Foreign Office officials tried to thwart Rwanda asylum plan over ‘torture and killings’ fear

·3 min read
People thought to be migrants crossing the Channel in small boats are picked up by Border Force officials. Priti Patel wants to send Channel migrants to Rwanda, but the Foreign Office raised concerns about the country's human rights record - AP Photo/Matt Dunham
People thought to be migrants crossing the Channel in small boats are picked up by Border Force officials. Priti Patel wants to send Channel migrants to Rwanda, but the Foreign Office raised concerns about the country's human rights record - AP Photo/Matt Dunham

Foreign Office officials tried to block Priti Patel’s Rwanda asylum scheme over alleged “torture and killings”, the High Court was told.

The Foreign Office adviser questioned whether a draft government document on Rwanda’s human rights record gave an accurate representation of the country, noting cases of “arbitrary detention, torture and even killings”.

The warning came weeks before the British Government tried to send asylum seekers to the African nation. The first flight was blocked by European court judges following a successful human rights challenge.

The adviser’s note is part of a legal battle to force disclosure of documents relating to the Government’s plan to send migrants to Rwanda to claim asylum there.

Migrants identified for the aborted flight and three media organisations - BBC News, including BBC Two's Newsnight, The Times and The Guardian - are seeking disclosure of the material.

The first Rwanda flight was grounded in June after the European Court of Human Rights said the High Court in London must first fully examine whether the removals policy is lawful. A hearing is scheduled for next month.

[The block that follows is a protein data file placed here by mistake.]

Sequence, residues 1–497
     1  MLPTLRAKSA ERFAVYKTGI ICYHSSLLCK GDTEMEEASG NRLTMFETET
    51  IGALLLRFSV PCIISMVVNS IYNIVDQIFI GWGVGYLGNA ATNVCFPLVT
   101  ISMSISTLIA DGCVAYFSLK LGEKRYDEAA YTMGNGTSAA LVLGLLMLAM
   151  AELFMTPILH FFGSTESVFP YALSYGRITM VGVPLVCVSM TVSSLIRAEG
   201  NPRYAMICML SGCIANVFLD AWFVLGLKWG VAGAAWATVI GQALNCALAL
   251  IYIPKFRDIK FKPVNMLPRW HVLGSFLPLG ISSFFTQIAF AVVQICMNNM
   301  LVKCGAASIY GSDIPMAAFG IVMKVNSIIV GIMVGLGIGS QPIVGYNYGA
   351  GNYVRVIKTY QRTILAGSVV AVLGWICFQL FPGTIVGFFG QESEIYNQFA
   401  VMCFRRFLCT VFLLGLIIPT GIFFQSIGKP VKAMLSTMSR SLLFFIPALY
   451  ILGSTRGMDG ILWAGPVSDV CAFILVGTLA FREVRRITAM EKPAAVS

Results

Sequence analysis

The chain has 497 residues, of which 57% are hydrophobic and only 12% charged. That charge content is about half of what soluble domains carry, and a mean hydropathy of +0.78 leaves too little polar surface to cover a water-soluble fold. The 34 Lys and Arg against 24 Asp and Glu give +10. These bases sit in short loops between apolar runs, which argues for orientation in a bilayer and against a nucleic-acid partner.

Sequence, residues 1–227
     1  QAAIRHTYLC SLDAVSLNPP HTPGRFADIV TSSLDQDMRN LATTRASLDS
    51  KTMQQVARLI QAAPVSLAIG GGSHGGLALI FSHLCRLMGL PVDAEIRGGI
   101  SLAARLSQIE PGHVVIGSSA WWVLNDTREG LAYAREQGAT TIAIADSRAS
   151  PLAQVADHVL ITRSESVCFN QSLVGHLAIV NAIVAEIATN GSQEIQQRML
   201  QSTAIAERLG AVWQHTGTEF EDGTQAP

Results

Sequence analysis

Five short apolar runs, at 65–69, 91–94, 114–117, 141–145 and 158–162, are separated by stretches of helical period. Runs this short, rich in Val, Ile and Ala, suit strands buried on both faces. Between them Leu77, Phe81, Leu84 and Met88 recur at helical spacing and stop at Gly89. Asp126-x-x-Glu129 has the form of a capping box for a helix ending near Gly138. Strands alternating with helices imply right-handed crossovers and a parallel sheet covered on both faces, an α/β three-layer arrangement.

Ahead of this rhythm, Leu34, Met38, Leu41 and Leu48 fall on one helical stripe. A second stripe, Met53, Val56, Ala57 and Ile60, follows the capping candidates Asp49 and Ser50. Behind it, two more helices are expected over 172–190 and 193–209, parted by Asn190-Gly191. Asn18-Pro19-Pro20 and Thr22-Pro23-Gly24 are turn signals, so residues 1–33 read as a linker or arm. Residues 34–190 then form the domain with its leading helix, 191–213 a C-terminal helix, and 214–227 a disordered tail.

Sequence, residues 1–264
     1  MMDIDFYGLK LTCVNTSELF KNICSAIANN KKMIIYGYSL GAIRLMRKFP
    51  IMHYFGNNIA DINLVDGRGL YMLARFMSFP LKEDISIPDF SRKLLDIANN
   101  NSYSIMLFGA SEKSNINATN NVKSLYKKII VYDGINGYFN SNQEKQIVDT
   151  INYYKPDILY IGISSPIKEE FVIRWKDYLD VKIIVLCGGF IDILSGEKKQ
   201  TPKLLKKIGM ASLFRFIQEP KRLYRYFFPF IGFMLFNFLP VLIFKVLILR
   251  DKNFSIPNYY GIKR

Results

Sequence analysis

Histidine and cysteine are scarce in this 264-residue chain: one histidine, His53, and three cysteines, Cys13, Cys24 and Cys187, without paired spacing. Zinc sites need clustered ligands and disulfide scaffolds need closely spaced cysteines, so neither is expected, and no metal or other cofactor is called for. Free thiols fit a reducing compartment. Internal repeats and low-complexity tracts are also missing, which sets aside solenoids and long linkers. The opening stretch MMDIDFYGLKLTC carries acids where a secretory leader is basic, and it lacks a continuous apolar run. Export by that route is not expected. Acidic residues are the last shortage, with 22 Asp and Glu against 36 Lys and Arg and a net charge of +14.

The first flight taking migrants to Rwanda was grounded, while a hearing takes place into whether the policy is lawful - Reuters/Henry Nicholls
The first flight taking migrants to Rwanda was grounded, while a hearing takes place into whether the policy is lawful - Reuters/Henry Nicholls

On Tuesday, the Government asked the High Court to rule that the case should not include 11 specific comments about Rwanda from an unnamed Foreign Office official, who had been asked for their view.

The court heard that Foreign Office bosses had asked the unnamed official, who had some expertise in African affairs, to look at a draft of the Rwanda "Country Policy and Information Note".

This is an official and public document on the country and its human rights record - and it was being updated while the Rwanda flights plan was being thrashed out.

In an email sent to colleagues on April 26, two weeks after the plan became public, the reviewer questioned the tone of the report and whether it accurately reflected the situation in the country.

High Court judge Lord Justice Lewis was told the official had written in a covering email: "There are state control, security, surveillance structures from the national level down... political opposition is not tolerated and arbitrary detention, torture and even killings are accepted methods of enforcing control too."

Jude Bunting QC, appearing for the media organisations, told the court the withheld evidence from the reviewer was likely to be the most critical material about the Rwanda affair.

"The sensitivity of this policy cannot be understated," he said. "The public needs to understand the material that was available to the [Government] at the time the decisions under challenge were taken, the evidence that is said to weigh against, as well as to justify, this flagship policy, and the reasons why the [Government] decided to proceed."

Lord Justice Lewis will rule in the coming days on whether any of the material should be kept secret.

A government spokesperson said: “Rwanda is a safe and secure country with a track record of supporting asylum seekers.

“We remain committed to delivering this policy to break the business model of criminal gangs and save lives.”